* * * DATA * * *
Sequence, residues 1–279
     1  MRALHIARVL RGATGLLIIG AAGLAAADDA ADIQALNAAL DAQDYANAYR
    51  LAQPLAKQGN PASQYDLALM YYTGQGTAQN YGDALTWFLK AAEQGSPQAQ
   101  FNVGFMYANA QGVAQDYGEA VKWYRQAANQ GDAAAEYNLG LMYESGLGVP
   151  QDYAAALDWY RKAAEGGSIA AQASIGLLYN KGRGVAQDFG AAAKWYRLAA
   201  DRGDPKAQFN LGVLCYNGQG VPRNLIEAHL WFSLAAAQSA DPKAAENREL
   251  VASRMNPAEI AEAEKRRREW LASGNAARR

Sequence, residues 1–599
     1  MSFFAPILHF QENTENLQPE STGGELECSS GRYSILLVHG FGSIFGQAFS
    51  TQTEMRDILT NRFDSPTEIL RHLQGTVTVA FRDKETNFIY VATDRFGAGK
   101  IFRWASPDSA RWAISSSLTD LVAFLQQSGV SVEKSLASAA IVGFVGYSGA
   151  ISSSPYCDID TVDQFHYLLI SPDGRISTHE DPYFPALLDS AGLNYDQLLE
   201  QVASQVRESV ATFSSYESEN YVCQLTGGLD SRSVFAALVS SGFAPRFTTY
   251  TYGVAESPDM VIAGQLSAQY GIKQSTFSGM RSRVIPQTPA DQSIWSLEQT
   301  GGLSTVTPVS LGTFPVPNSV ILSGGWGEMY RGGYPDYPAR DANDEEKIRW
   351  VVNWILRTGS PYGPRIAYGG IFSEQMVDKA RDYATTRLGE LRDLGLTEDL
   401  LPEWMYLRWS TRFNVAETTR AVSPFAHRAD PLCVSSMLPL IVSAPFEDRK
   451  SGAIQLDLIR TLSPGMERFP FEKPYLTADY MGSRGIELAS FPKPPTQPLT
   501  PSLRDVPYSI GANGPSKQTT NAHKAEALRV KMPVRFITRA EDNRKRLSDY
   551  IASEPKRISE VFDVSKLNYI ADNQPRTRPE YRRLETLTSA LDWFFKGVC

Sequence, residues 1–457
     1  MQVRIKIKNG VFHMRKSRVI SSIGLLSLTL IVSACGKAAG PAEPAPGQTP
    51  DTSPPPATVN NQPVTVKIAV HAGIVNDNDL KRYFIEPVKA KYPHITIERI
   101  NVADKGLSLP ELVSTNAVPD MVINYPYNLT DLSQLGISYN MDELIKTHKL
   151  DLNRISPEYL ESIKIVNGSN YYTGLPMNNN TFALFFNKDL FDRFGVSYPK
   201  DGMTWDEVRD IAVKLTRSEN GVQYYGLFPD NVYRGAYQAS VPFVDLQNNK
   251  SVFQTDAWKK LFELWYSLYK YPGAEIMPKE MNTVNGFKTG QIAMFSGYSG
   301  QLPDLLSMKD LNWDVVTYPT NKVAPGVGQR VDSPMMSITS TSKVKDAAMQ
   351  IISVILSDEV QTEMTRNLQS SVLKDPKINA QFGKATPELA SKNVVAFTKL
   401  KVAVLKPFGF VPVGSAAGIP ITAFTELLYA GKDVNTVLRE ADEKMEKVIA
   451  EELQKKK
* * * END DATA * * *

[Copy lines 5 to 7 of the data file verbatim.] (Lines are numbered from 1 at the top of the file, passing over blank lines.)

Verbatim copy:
   151  QDYAAALDWY RKAAEGGSIA AQASIGLLYN KGRGVAQDFG AAAKWYRLAA
   201  DRGDPKAQFN LGVLCYNGQG VPRNLIEAHL WFSLAAAQSA DPKAAENREL
   251  VASRMNPAEI AEAEKRRREW LASGNAARR